The Domestic Violence Coordinating Council ushered in Domestic Violence Awareness Month in the Big Bend Region, with their annual Behind the Door March and Domestic Violence Program aimed at bringing awareness and prevention tools to the community. Many college students and community partners marched from Florida State University, Florida A & M University and the State Capitol to bring the message of the plight of domestic violence to the streets of Tallahassee on September 23, 2015. The marchers ended the demonstration at the FSU Turnbull Center where dialogue was able to take place in a safe and supportive environment.
This year, a survivor shared her story and the riveting details of how she managed to stay in a relationship that was verbally and physically abusive, yet after many years successfully escaped. A panel discussion was held at the end of the evening with representatives from the local domestic violence shelter, legal services, counseling and other community agencies. The panelists were given an opportunity to answer questions from those in attendance, which dealt with everything from injunction assistance to issues with substance abuse. This evening, which included a time for great conversation and fellowship over a meal, served as the springboard for the next month, October, known as Domestic Violence Awareness Month.
On October 14, Wakulla County also held a very informative event surrounding the issue of domestic violence involving sibling violence. There was an educational component to the luncheon where the audience learned that sibling abuse is a common concern; there are red flags for siblings and parents to be aware of, information on how to receive help if needed. There was also a survivor speaker that shared her story as a survivor of sibling abuse, making it very clear to the audience how this abuse was perpetrated and the affect it can have on the victim and the family. The audience was able to walk with the survivor through their journey of enlightenment and ultimately empowerment after being able to free herself from that violent relationship.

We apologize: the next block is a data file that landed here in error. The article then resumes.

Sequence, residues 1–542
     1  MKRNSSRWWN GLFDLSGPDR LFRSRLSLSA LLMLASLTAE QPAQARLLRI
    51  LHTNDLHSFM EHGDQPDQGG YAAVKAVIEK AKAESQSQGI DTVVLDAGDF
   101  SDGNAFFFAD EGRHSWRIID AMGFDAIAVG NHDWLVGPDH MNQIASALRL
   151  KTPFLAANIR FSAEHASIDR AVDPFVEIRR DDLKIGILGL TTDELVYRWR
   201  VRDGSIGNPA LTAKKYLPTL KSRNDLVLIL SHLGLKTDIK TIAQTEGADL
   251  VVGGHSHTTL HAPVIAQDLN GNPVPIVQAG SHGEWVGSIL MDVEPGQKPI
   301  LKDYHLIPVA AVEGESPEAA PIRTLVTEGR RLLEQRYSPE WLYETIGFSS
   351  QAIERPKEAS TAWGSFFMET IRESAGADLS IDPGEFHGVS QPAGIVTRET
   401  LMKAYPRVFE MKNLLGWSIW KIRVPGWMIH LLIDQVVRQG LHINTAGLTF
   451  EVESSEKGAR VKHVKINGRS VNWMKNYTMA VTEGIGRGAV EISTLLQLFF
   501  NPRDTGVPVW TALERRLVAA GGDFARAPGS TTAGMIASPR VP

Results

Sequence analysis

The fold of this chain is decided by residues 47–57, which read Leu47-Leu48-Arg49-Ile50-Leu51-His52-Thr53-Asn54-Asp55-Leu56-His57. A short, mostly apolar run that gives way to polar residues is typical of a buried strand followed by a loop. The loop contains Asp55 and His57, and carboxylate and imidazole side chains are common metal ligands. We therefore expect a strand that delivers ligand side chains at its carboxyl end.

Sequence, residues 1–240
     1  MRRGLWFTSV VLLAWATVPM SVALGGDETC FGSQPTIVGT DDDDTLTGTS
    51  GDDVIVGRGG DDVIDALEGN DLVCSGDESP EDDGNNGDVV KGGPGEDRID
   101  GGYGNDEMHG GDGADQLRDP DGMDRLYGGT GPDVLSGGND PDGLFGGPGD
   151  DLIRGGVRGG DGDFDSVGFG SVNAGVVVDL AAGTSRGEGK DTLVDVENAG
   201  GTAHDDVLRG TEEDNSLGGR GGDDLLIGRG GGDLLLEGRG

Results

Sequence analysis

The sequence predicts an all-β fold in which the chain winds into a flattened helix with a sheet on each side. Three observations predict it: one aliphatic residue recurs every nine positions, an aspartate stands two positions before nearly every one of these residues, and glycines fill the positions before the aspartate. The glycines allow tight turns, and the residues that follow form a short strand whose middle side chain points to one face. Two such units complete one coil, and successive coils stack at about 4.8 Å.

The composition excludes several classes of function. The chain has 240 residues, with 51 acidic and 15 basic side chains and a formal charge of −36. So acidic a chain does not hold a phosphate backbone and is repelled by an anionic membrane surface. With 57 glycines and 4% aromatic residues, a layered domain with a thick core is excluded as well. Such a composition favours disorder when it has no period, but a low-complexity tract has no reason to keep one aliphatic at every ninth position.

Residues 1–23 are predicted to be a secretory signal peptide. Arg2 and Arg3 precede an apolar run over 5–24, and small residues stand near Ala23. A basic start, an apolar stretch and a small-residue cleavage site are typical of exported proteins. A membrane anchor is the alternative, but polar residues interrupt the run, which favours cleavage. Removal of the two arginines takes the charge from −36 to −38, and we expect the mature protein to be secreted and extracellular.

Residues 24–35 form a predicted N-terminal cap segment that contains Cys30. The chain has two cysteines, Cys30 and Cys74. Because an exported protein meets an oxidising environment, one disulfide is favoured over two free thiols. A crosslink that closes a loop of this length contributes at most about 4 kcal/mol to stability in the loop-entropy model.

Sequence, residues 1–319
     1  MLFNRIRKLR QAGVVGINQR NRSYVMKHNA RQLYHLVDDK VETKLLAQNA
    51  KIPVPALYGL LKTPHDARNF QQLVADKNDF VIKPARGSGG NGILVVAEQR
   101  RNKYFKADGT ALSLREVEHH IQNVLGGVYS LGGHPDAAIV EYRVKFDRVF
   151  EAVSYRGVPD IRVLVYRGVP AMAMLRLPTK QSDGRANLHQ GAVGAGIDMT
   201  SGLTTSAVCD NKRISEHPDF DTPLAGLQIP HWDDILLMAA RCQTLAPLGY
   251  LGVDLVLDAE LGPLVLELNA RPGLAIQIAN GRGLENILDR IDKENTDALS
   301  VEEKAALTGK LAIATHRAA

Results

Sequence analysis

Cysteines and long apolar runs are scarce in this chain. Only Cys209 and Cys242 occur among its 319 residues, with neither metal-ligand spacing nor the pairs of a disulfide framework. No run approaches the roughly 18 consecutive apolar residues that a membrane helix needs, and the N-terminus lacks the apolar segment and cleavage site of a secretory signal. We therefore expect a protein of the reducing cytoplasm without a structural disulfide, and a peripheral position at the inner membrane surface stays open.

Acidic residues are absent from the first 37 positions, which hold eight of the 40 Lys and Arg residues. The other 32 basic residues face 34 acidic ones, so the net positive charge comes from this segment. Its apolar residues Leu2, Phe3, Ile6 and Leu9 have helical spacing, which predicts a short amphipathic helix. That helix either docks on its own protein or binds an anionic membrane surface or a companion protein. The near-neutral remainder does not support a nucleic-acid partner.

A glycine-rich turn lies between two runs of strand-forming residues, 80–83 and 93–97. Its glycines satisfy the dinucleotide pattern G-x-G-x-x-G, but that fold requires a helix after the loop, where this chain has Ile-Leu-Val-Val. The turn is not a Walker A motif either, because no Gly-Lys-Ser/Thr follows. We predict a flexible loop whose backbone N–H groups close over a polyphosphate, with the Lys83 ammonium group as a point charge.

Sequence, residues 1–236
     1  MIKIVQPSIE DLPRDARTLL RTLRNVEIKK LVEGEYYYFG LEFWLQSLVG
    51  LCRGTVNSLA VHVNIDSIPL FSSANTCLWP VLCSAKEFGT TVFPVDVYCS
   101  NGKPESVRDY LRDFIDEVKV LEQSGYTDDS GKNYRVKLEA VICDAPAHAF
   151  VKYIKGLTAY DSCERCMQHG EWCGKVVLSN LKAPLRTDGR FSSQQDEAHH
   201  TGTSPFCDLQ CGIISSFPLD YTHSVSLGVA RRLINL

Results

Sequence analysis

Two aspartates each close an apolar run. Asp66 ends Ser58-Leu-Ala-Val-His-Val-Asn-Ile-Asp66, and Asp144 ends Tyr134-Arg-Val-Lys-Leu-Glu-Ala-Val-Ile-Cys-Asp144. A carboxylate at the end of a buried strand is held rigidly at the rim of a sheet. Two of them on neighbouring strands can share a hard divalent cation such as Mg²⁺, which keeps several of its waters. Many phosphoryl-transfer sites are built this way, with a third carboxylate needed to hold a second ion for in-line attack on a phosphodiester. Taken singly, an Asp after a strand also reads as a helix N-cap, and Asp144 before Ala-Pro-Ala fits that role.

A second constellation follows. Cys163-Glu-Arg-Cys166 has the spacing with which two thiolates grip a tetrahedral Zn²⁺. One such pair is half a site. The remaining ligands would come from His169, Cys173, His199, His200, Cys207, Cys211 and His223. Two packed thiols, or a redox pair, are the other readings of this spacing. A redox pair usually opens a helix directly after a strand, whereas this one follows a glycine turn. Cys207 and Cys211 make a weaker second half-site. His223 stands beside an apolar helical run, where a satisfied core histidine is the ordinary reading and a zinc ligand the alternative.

There are so many campaigns across the nation about healthy and unhealthy relationships, red flags to look for, how to respect yourself and the person you are with, how to communicate effectively, resolving conflict and much more. Is this education, prevention and awareness working or is the effort a moot point?
Every year the Tallahassee area holds vigils, workshops, and other awareness events to keep the issue of domestic violence at the forefront of the minds of the citizens of Tallahassee. This topic is not one that the community can brush under the rug and pretend it isn’t happening. It is not a topic that can be ignored when there are so many reports in the media every day about how victims are suffering. As long as there is the crime of domestic violence occurring, there will be an advocate ready to have that very needed discussion, offer support and services, as well as a place of safety; so hopefully one day this topic will no longer be one for discussion.